Abomination: a book review by Rabbi Jeffrey Cohen

July 20, 2022 by Rabbi Jeffrey Cohen
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This book begins in 1999 and is set in Melbourne.

The setting is a male Ultra-Orthodox school where there is a case of sexual abuse, and the offender is whisked out of town to Israel. Nearly twenty years later, the process has begun to return him to “face the music”. This obviously reminds the reader of another case going through the Victorian courts right now- the only difference is the sex of both the perpetrator and the victims.

The two protagonists remind the reader of Chaim Potok’s The Chosen in that one is part of the Haredi (the preferred term rather than Ultra-Orthodox) community whose father is a major player in that community. The other young man attends the school although he is far less observant (in later life, he would be considered a secularist). The two split company when the pedophilia became known in the community with the Haredi young man staying in the school while the less observant one goes to the local public High School. As an aside, neither young man is a victim of the perpetrator.

It is at a rally in front of Parliament House that the two meet again after almost twenty years. This sets off a series of situations in both their lives.

This novel raises many questions especially for those unfamiliar with the Haredi world. There is the question already alluded to in The Chosen of the power and control of the community leader- the power to excommunicate anyone whom they deem of the derekh (the path). It is a closed community, and many would consider it a sect.

Ezra, the secularist, is in a relationship initially with a non-Jewish woman. As time went on, he is unsure of his feelings for her. Eventually, they split! If this were the Academy Awards, Ezra would be in the supporting role category.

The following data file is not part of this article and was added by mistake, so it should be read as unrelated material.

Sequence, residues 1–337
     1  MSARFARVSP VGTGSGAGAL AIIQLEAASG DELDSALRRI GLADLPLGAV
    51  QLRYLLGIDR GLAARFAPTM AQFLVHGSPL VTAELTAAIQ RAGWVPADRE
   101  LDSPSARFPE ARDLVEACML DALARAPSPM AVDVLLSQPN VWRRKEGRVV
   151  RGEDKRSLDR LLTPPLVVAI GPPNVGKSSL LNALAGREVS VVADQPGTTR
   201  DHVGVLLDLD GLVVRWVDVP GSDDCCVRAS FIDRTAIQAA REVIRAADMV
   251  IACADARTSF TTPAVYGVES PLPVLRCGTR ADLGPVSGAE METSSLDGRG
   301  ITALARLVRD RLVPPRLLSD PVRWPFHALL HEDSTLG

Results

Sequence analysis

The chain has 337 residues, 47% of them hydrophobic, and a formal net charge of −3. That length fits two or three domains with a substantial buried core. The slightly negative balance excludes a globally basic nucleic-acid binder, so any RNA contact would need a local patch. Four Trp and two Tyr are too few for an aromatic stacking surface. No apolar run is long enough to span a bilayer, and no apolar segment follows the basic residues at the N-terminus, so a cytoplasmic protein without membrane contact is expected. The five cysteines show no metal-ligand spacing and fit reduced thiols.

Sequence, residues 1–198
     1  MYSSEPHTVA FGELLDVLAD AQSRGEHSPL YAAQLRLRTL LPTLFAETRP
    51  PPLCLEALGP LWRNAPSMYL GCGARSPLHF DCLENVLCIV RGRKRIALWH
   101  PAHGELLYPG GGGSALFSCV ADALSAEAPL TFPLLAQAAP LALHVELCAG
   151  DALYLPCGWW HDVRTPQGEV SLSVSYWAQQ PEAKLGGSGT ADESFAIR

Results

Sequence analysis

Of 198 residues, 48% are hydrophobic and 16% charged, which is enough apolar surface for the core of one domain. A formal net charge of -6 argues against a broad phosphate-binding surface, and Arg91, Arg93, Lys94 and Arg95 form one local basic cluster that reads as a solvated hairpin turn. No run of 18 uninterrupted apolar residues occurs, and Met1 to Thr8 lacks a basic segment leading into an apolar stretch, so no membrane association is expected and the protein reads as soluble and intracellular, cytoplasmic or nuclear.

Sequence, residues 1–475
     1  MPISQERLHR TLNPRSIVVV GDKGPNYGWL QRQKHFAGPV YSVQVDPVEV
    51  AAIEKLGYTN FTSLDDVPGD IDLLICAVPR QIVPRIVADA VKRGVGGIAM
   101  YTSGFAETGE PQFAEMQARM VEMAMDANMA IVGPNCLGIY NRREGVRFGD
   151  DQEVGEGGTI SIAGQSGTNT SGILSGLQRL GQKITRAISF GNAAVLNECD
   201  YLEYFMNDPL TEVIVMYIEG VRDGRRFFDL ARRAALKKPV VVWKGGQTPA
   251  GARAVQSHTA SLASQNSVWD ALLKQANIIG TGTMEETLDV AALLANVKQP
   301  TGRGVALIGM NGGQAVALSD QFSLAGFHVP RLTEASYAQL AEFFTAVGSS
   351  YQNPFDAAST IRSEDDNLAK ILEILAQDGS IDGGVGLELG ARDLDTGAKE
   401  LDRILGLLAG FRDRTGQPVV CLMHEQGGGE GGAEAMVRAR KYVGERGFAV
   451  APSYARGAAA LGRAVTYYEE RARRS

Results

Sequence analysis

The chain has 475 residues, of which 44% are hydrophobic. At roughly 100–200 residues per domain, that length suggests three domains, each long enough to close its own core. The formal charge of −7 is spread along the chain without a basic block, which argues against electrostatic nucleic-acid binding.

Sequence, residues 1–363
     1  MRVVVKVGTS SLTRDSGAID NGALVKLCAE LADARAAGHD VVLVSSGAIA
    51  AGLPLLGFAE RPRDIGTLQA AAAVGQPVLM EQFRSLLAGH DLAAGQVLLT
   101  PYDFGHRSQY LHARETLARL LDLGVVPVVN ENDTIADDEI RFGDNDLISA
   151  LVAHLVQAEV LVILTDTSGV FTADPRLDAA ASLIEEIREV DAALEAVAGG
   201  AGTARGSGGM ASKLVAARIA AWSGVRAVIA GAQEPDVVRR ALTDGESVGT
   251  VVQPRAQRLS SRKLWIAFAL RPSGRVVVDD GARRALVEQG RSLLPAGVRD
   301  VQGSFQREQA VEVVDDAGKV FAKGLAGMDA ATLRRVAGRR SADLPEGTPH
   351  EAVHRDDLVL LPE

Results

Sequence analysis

The star of this book is Jonathan, who has become a senior teacher in the Haredi school. He has been married for nearly seven years and until recently, the marriage is childless. After six years, he is about to become a father, although he discovers that he is impotent. The method of conception breaks all the rules and anyone knowledgeable of Halakha/Jewish Law would know that this could have been achieved through artificial insemination, and most authorities encourage the donor to be non-Jewish to reduce the possibility of incest.

Goldberg raises a question about consistency in observances. What happens when some rules are less observed than others and yet members of the community are judgemental of others? One issue Goldberg alludes to is the behaviour of some of those who make the annual pilgrimage to the grave of Rabbi Nachman of Bratslav in Uman in the Ukraine.

Jonathan has a confrontation with the sect’s leader and then a skirmish with his wife, which leads him to abandon all he has held dear for so long. He abandons keeping kosher and Shabbat. It raises the question about what happens to those who leave that world and struggle to become part of the wider non-Haredi world. In some cities, there are organisations who work with such individuals.

Unlike the current case in the Victorian courts, this case is resolved. It does raise the question of what is an appropriate punishment. Jonathan is present at the birth of the baby and does hold her- he seems reconciled to her although that is left unsaid.

It was easy to find some points which could be questioned, like the Haredi community serving a meal which contained both meat and fish [fish is served before meat with something like a fluid or bread in between].

Goldberg’s writing style makes the book an easy read.

Jeffrey Cohen is associated with the School of Medicine (Sydney), University of Notre Dame Australia, as well as on Staff at St. Vincent’s Private Hospital, Sydney. He has previously held academic appointments at UNSW Sydney and St Louis University. He also served as CEO of the Sydney Jewish Museum for 5 years and as Senior Consultant to Museum Planning Services.

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